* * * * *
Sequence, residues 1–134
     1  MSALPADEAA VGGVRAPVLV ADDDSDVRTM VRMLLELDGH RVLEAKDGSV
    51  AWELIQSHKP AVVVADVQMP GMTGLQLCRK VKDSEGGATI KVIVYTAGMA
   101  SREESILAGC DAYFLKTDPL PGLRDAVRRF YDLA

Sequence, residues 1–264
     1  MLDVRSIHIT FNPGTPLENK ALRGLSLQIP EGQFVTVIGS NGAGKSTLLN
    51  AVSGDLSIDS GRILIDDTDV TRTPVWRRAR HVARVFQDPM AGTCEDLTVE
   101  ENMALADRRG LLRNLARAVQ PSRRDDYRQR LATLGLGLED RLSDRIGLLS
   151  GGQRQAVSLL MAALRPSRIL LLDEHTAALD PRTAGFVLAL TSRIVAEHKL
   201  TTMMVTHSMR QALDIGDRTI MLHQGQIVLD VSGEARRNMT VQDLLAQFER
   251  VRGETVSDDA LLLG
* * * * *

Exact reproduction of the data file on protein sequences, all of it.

Sequence, residues 1–134
     1  MSALPADEAA VGGVRAPVLV ADDDSDVRTM VRMLLELDGH RVLEAKDGSV
    51  AWELIQSHKP AVVVADVQMP GMTGLQLCRK VKDSEGGATI KVIVYTAGMA
   101  SREESILAGC DAYFLKTDPL PGLRDAVRRF YDLA

Sequence, residues 1–264
     1  MLDVRSIHIT FNPGTPLENK ALRGLSLQIP EGQFVTVIGS NGAGKSTLLN
    51  AVSGDLSIDS GRILIDDTDV TRTPVWRRAR HVARVFQDPM AGTCEDLTVE
   101  ENMALADRRG LLRNLARAVQ PSRRDDYRQR LATLGLGLED RLSDRIGLLS
   151  GGQRQAVSLL MAALRPSRIL LLDEHTAALD PRTAGFVLAL TSRIVAEHKL
   201  TTMMVTHSMR QALDIGDRTI MLHQGQIVLD VSGEARRNMT VQDLLAQFER
   251  VRGETVSDDA LLLG